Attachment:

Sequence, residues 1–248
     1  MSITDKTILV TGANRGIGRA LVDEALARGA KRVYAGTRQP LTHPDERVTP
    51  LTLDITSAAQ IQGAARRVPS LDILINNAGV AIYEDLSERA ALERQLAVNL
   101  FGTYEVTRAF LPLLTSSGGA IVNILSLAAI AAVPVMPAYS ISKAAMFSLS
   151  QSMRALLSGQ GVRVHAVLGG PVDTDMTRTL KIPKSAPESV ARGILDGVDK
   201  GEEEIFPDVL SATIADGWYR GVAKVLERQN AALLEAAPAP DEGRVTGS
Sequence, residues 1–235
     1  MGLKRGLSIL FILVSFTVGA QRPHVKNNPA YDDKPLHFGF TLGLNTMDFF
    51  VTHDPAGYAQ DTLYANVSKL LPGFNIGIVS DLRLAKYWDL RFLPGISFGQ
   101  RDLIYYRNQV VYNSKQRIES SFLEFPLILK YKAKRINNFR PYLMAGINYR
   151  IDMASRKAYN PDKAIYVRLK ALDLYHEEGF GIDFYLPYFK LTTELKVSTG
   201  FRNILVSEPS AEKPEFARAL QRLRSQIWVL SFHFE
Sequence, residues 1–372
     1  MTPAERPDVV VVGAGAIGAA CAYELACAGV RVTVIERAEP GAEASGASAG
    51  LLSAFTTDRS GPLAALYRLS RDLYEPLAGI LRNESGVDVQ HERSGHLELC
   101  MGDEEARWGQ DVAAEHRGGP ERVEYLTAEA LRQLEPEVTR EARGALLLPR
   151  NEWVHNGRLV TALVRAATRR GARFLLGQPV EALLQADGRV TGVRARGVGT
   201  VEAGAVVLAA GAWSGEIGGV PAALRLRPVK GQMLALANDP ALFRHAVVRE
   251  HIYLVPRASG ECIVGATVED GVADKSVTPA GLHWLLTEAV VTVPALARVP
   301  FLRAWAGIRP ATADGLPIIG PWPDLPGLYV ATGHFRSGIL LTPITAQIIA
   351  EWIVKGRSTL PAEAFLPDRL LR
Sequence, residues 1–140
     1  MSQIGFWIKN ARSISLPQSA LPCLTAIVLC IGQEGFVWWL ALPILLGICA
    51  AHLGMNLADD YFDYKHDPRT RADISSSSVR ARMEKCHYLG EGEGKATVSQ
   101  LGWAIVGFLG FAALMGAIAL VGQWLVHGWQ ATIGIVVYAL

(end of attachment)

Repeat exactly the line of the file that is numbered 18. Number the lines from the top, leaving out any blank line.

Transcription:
   201  VEAGAVVLAA GAWSGEIGGV PAALRLRPVK GQMLALANDP ALFRHAVVRE